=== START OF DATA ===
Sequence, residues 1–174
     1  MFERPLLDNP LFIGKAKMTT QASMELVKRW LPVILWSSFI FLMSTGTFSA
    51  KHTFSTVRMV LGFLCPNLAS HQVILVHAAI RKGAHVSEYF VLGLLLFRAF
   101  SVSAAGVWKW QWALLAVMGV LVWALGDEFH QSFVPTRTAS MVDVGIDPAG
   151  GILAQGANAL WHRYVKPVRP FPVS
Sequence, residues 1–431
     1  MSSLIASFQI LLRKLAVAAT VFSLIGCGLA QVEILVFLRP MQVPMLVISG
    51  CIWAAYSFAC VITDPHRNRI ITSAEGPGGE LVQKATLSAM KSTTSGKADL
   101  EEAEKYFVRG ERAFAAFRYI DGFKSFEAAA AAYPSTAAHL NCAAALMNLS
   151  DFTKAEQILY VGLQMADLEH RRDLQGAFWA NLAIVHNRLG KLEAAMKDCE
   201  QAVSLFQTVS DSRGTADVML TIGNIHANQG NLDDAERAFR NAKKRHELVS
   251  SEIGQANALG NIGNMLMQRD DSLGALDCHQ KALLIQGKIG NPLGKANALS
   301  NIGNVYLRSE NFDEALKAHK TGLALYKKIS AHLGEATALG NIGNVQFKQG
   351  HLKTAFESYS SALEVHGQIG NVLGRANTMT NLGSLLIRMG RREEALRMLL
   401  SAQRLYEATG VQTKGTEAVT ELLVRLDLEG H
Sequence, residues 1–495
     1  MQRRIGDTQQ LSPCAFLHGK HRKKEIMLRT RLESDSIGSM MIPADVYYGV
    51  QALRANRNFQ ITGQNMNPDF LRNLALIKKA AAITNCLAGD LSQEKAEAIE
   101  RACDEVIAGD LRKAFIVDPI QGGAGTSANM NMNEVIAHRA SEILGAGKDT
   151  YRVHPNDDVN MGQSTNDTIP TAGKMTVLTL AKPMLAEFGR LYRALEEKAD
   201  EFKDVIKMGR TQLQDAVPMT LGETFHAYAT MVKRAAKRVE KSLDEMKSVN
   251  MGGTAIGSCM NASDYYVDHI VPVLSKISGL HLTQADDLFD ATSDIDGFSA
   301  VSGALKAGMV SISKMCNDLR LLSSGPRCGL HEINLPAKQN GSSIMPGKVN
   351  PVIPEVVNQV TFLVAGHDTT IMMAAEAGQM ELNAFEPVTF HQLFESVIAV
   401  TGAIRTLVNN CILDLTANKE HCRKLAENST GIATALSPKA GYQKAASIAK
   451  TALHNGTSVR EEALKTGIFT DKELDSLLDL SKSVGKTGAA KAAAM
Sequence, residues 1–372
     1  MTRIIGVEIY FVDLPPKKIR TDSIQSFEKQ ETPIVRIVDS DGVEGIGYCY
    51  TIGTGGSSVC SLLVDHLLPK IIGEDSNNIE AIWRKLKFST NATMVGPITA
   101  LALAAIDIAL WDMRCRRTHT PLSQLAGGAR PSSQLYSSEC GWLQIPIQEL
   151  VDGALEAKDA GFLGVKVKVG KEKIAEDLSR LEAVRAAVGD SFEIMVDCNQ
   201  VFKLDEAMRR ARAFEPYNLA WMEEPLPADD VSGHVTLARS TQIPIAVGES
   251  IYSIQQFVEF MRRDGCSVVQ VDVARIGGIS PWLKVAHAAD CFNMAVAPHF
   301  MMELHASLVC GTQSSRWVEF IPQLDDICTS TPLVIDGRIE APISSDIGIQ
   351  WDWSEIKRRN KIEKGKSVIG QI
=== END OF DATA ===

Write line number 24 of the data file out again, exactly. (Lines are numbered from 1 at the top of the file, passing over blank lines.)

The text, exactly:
   351  PVIPEVVNQV TFLVAGHDTT IMMAAEAGQM ELNAFEPVTF HQLFESVIAV